Grantee: Associate Professor Nicholas Taylor, Faculty of Health and Medical Sciences, University of Copenhagen
Amount: DKK 2,996,539
Bacterial skin infections are caused by bacteria that rely on several proteins to be infectious and resist antibiotic treatment. These proteins are encoded in the genome, or DNA, of the bacteria.
The specific knockout of these genes by genome editing has been shown to inhibit pathogenic bacteria, but delivery of the complexes that perform these modifications is still a major challenge.
To overcome this hurdle, we propose to use the large protein-injecting bacteriophage (a virus that can infect a bacterium) to inject a genome editing complex into bacteria. We will investigate the structure of the bacteriophage, to better understand which parts we can modify. We will exchange the recognition target of the bacteriophage, so that it can specifically bind to a bacterium of choice.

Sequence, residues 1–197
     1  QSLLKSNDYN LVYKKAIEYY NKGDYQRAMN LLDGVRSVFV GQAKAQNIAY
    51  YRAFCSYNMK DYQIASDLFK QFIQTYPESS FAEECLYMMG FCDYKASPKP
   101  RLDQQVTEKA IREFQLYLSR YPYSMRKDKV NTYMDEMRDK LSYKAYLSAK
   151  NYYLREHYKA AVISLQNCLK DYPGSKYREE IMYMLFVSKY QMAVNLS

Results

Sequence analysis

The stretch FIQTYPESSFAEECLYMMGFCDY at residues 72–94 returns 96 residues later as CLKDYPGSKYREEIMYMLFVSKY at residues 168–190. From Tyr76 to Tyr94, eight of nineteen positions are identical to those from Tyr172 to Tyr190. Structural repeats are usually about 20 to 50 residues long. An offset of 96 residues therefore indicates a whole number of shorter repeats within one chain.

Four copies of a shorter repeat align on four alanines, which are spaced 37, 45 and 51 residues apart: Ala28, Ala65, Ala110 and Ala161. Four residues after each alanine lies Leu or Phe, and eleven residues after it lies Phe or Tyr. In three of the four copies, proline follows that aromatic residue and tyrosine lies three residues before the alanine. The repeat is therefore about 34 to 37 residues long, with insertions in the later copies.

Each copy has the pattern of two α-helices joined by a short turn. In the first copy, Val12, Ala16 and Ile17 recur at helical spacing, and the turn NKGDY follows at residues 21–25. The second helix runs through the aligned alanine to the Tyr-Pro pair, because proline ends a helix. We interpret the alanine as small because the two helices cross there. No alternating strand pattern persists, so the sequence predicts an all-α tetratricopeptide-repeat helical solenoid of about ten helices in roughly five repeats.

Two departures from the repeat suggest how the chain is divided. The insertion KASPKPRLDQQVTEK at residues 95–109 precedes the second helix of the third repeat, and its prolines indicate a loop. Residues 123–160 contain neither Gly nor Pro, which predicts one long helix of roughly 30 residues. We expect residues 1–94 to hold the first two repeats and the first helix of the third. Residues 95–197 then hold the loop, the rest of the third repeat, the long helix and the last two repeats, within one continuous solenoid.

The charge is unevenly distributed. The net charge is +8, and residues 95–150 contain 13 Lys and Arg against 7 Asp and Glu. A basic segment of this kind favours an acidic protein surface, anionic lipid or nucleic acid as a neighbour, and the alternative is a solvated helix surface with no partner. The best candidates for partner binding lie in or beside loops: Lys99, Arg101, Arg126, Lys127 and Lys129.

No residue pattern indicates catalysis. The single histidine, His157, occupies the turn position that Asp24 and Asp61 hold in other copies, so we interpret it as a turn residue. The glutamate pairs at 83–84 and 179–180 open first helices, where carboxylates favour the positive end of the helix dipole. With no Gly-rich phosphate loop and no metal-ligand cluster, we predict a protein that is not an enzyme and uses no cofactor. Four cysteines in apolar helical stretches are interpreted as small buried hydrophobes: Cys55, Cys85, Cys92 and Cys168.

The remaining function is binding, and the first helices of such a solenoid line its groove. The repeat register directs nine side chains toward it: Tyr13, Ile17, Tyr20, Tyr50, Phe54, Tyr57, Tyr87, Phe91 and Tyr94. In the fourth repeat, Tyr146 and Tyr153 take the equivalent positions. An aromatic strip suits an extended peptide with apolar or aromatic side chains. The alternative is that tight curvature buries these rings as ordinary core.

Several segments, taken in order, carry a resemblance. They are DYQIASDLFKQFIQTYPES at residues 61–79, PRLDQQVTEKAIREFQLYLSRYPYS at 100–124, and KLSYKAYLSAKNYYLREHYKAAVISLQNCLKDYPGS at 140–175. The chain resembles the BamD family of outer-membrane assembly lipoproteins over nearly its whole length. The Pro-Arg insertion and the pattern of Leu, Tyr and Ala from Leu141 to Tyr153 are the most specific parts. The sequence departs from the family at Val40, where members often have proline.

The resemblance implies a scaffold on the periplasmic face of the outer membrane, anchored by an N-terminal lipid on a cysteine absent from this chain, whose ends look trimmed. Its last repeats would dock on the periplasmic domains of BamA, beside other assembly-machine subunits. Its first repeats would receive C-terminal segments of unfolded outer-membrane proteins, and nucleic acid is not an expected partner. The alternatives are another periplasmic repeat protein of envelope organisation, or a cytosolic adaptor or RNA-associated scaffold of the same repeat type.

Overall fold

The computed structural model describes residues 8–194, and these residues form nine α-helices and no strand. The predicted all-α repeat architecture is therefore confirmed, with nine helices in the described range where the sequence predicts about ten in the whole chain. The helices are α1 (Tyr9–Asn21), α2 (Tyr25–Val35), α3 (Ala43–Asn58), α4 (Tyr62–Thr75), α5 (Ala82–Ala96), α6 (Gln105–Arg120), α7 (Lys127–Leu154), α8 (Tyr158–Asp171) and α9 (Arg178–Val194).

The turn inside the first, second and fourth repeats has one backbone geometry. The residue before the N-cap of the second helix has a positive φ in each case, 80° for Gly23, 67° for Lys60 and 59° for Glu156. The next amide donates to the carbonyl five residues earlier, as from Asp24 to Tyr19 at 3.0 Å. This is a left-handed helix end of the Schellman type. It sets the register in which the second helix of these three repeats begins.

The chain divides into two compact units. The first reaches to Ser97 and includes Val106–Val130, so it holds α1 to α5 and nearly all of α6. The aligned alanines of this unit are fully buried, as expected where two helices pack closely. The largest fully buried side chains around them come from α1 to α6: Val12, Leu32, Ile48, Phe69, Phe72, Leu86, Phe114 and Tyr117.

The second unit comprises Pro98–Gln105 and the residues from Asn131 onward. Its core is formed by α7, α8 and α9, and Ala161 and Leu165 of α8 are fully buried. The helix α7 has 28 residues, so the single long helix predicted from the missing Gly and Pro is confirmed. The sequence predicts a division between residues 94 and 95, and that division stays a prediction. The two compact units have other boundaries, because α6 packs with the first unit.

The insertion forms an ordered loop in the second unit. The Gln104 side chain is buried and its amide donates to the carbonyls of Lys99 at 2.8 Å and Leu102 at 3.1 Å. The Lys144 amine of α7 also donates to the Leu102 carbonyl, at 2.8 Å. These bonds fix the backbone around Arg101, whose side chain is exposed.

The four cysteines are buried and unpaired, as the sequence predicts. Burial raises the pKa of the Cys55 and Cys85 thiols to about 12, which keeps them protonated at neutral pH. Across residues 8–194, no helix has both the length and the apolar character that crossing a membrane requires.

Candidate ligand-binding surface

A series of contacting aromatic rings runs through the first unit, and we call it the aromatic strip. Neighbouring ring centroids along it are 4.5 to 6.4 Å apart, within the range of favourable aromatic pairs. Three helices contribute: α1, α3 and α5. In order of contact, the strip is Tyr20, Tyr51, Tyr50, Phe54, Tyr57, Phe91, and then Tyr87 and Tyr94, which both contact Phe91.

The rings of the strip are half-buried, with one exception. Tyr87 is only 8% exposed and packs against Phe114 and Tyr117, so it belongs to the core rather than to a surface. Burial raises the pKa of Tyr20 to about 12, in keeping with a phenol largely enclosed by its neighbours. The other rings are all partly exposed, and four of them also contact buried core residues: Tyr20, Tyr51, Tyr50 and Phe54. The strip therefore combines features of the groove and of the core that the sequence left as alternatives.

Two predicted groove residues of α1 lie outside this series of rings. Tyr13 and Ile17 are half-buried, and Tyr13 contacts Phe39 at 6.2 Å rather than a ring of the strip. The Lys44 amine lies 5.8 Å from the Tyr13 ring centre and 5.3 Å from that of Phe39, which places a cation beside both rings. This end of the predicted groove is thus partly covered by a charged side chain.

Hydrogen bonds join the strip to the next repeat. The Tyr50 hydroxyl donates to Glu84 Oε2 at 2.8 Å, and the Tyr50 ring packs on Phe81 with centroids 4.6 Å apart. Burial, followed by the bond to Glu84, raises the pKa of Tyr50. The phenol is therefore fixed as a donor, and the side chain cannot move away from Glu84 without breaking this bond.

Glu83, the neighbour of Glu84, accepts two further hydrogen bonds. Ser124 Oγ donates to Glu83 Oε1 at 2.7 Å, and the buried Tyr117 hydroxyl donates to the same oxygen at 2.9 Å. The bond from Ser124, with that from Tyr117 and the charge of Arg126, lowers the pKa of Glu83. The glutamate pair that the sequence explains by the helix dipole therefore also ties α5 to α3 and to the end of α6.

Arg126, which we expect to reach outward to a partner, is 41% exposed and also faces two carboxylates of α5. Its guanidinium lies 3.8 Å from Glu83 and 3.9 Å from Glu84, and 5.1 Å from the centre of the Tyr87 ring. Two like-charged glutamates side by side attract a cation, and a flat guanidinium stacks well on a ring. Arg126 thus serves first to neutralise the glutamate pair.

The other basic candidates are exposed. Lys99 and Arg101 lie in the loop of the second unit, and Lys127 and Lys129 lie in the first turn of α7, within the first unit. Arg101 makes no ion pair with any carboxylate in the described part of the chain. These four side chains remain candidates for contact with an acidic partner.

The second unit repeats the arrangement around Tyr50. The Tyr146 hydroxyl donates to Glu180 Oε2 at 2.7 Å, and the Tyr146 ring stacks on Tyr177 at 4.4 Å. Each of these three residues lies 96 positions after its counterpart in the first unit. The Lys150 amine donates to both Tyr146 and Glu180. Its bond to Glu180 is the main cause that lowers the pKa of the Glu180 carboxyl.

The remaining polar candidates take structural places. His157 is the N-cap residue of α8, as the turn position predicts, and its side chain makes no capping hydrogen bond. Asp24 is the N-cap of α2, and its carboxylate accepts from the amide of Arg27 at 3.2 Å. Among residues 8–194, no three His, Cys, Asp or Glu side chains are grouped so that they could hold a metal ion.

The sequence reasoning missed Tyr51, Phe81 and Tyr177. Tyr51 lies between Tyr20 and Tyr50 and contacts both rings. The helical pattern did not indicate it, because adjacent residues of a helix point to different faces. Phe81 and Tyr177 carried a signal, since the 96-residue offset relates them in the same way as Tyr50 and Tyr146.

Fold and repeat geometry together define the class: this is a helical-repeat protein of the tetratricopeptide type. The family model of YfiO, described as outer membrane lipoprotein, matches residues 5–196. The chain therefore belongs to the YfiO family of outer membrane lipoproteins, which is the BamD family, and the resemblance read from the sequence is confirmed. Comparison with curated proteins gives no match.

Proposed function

Additionally, we will modify the large protein of the bacteriophage that it normally injects, and replace it with a genome-editing complex: this will allow the targeted destruction of the DNA fragments in the bacterium that encode a protein that allows it to survive antibiotic treatment.
Our results will pave the way for the targeted delivery of genome editors to dangerous skin bacteria to make them harmless and more susceptible to antibiotic treatment.